Tony was pleased to have met a person who was obviously passionate about her subjects and who was clearly able to help him. He asked Irene to take the photographs he needed, writing down for her the flower names to be depicted. Although he was unable to pay Irene in cash, he had agreed with a local music shop in which he was involved that she could have half a dozen discs free of charge by way of "payment". Irene readily accepted the commission; this was her first real photographic job and perhaps the start of her being able to follow the path she had so often thought about.
Irene greatly enjoyed finding, amongst the local nurseries, the requisite flowers. She picked a bright day for her "shoot", carefully arranging her subjects individually and taking a number of photographs from different positions. They were not good! The colour rendition was poor, they were far from expertly framed, the backgrounds looked amateurish and most of the shots, being at close range, appeared out of focus, despite Irene's increasingly desperate attempts. No amount of subsequent doctoring on the computer could rectify the lack of quality or fuzziness. What was she to do?
Drawing on her resourceful nature, Irene spent a not inconsiderable time searching on the internet, looking for what she wanted. Tucked away on various web pages not immediately obvious to a casual browser, she eventually managed to locate some beautiful pictures of the exact subjects she needed. Irene was convinced that her photographs would have looked precisely like these if she possessed the correct equipment and had more time.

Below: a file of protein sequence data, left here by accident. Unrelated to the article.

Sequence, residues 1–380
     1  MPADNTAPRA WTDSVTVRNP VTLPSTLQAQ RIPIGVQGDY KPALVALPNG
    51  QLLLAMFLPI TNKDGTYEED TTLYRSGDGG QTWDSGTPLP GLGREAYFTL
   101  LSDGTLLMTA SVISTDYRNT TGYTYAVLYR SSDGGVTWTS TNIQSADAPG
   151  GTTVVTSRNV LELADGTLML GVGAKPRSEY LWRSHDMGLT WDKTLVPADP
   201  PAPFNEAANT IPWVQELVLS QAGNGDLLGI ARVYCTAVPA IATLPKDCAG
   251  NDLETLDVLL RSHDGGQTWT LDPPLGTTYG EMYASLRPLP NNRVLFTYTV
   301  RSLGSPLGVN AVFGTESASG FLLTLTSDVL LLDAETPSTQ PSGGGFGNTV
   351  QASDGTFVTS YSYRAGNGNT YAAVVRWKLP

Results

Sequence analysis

She therefore downloaded and slightly tweaked these captured images, via a free, simple on-line photo enhancing website. In due course the pictures were delivered to Tony, by which time Irene had convinced herself that if by some unfortunate twist any of them were discovered to have been sourced from the internet, she could either pass them off as different photographs (because of the subtle changes she had made to them) or perhaps even pretend that she had supplied them to the websites in the first place.